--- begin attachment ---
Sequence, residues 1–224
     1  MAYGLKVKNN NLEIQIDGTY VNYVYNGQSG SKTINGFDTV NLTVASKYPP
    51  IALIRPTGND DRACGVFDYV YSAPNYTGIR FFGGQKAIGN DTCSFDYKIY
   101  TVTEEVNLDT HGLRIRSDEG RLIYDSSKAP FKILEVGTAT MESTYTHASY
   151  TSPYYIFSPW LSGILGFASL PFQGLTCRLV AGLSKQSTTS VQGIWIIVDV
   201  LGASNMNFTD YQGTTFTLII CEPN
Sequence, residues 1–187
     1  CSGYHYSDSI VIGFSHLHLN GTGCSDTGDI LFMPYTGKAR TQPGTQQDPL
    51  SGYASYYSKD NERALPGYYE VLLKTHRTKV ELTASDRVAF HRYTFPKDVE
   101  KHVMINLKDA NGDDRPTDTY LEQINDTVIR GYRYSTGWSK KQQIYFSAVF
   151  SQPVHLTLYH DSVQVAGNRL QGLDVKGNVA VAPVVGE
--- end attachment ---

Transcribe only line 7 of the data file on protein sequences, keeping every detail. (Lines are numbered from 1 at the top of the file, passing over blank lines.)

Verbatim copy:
Sequence, residues 1–187